I am sat here writing from the no-man’s-land betwixt Christmas and New Year, where its hard to keep straight what day it is and what I’m supposed to be doing. Its really lovely having Conrad off work and the boys home from nursery/school, and with me only doing bits of work here and there. But I must say I’m yearning for a return to routine already and it’s only the 28th. I’m also feeling lethargic from my over indulgence a bit; as much as I’m enjoying my chocolate and wine right now, I’m also looking forward to taking a break from it come January. Or at least toning it down a bit. Anyway, before Christmas descends into a distant memory and January arrives with it’s inevitable dreariness, I thought I’d write a little about our Christmas, from the magic and enchantment of watching a child’s face on Christmas morning to silently screaming at them to go the fuck to sleep already.
The boy’s were so excited that by Christmas Eve they’d basically whipped themselves into monstrous little yuletide terrors who were seemingly just so buzzing they couldn’t contain themselves. We had more toilet accidents. We had more tantrums. We had boys wandering into our room in the night. We had behaviour that made me want to throw their Christmas stockings into the fire (I didn’t, but I fantasised about it). This wasn’t isolated to Christmas Eve but began the day Frank finished school. Christmas Eve was the worst though. Like a crescendo of bad behaviour they reached a peak, and after a lovely time at my mum’s (in which the boys were incredibly naughty but there were enough adults around to contain them) we hastened home in Christmas pyjamas and put a mince pie, milk and carrot out for Father Christmas and his venison entourage. We tucked the boys in and gave them a stern reminder that Santa wouldn’t come unless they were asleep. The three year old complied but the five year old did not; he got up every hour from 3am throughout the night until eventually it was morning. Shockingly, despite his wake ups, Santa had indeed been. I have no doubt he will remember that next year. On Christmas Day they were absolute angels in comparison to the behaviour we’d endured in the build up. They abandoned their toys to travel to their Auntie Lottie’s without much grumbling, they sat nicely for Christmas lunch, and they played with their little cousin Teddy beautifully. It was the best present I could have wished for. And ultimately shows how much the excitement played a factor in their awful behaviour.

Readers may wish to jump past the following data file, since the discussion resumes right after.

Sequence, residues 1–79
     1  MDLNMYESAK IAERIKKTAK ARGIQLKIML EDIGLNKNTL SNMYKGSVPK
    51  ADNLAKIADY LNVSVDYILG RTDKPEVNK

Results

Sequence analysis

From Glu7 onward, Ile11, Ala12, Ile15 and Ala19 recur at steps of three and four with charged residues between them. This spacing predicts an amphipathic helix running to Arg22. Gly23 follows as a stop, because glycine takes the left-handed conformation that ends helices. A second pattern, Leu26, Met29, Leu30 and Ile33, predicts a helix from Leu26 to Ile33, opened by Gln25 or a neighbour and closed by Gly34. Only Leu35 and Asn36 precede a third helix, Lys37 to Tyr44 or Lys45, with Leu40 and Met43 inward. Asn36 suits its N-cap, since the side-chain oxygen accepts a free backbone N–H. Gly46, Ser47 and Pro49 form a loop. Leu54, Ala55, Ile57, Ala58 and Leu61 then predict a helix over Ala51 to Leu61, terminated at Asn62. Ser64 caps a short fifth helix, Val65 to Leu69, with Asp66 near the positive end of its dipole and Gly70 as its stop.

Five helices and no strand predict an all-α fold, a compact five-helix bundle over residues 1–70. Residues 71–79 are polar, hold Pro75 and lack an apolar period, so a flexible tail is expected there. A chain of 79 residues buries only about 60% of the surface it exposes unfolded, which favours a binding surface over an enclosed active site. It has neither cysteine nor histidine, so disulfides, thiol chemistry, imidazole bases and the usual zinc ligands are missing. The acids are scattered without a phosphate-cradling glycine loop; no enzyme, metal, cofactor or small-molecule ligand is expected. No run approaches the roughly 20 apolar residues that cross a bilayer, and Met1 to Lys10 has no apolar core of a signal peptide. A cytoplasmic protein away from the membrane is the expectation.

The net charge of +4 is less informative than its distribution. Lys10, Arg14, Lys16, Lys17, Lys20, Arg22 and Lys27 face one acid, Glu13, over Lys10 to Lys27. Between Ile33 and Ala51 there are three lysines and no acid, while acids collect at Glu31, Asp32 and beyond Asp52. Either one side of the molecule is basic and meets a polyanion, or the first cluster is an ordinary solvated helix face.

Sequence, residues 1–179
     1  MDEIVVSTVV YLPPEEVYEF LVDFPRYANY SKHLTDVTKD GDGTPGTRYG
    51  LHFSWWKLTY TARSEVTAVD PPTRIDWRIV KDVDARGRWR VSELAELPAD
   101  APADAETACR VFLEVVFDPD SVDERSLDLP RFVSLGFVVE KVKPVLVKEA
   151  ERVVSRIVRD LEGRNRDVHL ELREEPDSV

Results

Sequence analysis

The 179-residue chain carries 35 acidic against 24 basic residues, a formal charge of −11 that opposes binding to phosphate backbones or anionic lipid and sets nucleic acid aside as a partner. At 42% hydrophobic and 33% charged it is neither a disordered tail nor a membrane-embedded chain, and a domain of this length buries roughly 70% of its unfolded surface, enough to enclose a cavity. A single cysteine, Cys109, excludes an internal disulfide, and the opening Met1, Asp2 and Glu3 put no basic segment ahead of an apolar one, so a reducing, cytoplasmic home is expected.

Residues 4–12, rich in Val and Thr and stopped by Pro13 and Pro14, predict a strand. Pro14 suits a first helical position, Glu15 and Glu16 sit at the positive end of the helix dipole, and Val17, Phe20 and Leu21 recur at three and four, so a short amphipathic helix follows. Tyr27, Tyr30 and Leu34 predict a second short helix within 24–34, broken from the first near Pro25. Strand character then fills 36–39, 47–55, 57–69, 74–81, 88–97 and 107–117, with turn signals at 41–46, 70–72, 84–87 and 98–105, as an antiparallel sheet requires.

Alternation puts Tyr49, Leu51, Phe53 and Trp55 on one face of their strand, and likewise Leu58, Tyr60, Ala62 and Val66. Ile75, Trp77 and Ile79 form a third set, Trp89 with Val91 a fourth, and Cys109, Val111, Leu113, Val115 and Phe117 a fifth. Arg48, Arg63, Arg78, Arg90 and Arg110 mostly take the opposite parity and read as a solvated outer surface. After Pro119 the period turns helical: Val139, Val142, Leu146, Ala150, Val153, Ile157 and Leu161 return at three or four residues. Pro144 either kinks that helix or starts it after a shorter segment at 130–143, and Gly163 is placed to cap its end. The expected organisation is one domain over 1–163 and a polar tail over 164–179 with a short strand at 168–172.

I was really pleased I managed to source about half of my gifts from charity shops this year and was feeling pretty smug about how I had bought and wrapped them all before Christmas Eve (which is good, for me). But alas the price of being organised when you’re just pretending and you have no real skill in this area is this; something will go wrong. I had hidden a lot of wrapped presents in different nooks around the house; under beds, cupboards and high shelves. So when it came to Christmas morning it took all the presents being unwrapped to realise I’d left an entire bin bag of gifts in the spare room wardrobe, crying out to be put under the tree and probably wondering what the hell I was playing at. Sorry about that, presents. It was alright in the end though, the boys quite enjoyed a last minute extra gift, and we all had a laugh at “silly mama”.